Tuesday, 22 September 2009

Living in a treehouse - an ultimate life challenge

To have a cabin perched up in a tree: a child's dream that is coming reality for a growing number of people around the earth. Some wish to live in trees as an expensive toy, some to help the environment, others out of tradition or necessity. It's not just a children pastime anymore.

In fact, some treehouses are so well made and carefully detailed, they rival most people’s homes. The artistry and innovation put into some tree house designs and plans rise them to architectural wonders. They are located all over the world, from just north of New York to all over Europe or the rain forests of Costa Rica.

Modern design allows to install cabins without a single nail into the tree, without breaking off a single branch. The style varies from refined modern confort in new eco-friendly materials to simpler rustic wood, from functional to fanciful, sustainable to strange, residential to meditation or meeting functions, and from affordable to incredibly expensive.
Of course, some people live in traditional tree houses because that has been the local lifestyle for generations. In the jungles of Indonesian province of Papua, local tribes have slowly built their way up into the trees to escape pests and one another. Their residences now reach dizzying heights of over 100 feet.

Several companies offer a variety of models for those seeking privacy, nature and ecology in preserved areas. "La Cabane Perchée" has published a quite beautiful book, "Cabanes perchées", with examples of builded treehouses around the world.



Sunday, 20 September 2009

New german journey through The Northeast Passage

I have recently published 2 posts here and here concerning the Northeast Passage, or Northern Sea Route.

History has just been made on that route: for the first time, Russia allowed foreign commercial ships to make the journey.

Two German ships have become the first Western commercial vessels to navigate the Northeast Passage - the shipping route which goes from Asia to Europe around the Russian Arctic.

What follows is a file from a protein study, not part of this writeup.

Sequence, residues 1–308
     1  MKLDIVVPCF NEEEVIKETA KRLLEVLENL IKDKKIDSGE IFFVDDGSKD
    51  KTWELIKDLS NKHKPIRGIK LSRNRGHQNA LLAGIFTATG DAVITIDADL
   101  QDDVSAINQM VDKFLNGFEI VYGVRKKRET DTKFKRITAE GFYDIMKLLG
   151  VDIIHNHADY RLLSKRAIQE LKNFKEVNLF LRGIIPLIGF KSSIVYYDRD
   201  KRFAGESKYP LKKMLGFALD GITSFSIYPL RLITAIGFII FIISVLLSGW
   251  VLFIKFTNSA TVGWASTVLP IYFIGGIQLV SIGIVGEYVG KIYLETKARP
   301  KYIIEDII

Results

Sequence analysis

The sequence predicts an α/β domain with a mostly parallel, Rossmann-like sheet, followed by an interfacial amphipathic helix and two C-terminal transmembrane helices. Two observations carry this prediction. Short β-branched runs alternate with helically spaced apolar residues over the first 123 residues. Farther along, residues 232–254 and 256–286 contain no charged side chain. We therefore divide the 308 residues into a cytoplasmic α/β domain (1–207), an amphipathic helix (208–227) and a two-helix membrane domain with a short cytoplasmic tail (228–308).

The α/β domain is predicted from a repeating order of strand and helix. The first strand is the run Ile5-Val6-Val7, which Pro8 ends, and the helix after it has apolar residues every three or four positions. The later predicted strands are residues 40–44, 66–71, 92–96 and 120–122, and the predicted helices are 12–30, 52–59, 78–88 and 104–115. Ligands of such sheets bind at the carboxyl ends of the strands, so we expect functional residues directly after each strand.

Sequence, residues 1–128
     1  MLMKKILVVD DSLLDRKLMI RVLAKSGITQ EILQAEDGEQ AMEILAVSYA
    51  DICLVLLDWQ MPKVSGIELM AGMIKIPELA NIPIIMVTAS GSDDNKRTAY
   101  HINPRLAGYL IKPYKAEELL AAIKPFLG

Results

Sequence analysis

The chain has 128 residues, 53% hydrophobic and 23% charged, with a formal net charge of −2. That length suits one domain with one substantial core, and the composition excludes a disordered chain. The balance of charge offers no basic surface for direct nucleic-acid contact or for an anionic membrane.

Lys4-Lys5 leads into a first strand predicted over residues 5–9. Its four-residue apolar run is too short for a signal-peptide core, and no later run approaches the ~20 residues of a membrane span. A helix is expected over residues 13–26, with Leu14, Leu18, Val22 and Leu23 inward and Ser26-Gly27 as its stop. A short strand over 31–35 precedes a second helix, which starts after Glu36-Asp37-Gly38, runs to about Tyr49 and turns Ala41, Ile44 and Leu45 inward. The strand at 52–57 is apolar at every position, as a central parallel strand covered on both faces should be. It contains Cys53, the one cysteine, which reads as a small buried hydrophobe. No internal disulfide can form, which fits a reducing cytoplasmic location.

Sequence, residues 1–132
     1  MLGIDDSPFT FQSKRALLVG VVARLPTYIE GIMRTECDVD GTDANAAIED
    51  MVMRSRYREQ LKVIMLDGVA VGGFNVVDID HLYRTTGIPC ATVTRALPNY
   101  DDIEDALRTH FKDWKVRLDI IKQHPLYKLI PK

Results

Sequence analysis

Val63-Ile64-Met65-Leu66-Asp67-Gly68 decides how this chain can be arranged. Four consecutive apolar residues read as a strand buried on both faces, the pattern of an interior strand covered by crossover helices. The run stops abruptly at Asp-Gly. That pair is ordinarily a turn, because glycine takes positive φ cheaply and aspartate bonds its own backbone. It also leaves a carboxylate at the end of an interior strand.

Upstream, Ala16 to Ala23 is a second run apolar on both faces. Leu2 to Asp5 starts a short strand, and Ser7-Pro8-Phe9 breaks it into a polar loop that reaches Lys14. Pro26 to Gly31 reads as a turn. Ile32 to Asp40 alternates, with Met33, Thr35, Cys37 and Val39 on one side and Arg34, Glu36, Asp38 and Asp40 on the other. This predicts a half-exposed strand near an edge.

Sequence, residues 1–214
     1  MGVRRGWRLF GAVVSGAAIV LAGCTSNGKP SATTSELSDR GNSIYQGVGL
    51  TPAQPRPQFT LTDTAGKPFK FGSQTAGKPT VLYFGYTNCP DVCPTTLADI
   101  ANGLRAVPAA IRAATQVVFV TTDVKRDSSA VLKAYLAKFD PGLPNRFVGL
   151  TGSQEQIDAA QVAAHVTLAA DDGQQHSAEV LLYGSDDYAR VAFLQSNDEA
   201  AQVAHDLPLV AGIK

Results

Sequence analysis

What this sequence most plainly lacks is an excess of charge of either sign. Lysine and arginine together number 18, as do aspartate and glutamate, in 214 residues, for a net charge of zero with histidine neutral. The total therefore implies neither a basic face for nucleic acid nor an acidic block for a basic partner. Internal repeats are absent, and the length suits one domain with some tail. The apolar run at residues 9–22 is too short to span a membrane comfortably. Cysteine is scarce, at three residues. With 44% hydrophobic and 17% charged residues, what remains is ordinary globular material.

The two ships, that departed from South Corea, arrived yesterday, September 19, to the port of Arkhangel in the Nortwest of Russia. The icebreaker that sailed with them was never needed - sign of the arctic icecap retreat.

Niels Stolberg, president of Beluga shipping company, which is based in the German city of Bremen, called it the first time a Western shipping company successfully transited the Northeast Passage.

“To transit the Northeast Passage so well and professionally without incident on the premiere is the result of our extremely accurate preparation as well as the outstanding teamwork between our attentive captains, our reliable meteorologists, and our engaged crew.’’ Stolberg said.

"Beluga Fraternity" and "Beluga Foresight" the german ships that made history.

A journey from South Korea to the Netherlands is about 12,658 miles. By going northward and using the Northeast Passage, about 3,452 miles and 10 days can be saved. And, it is much safer up north: there are no pirates!

"This is an event of huge strategic importance," said chief commercial officer of the Arkhangel Sea Port Viktor Vorobyov. "It will signal the rebirth of this shipping route, and the renaissance of the whole of the Russian North."

With the activation of the commercial route, it is predictable that the russian arctic regions served by ports will largely benefit - Siberia may finally enter the modern world community.

Arctic icecap melting may be bad news for other areas in the globe, but it will allow economic growth and progress of civilization standards in many regions that were ignored, abandonned and depressed.

Vídeo on the german journey through the Route: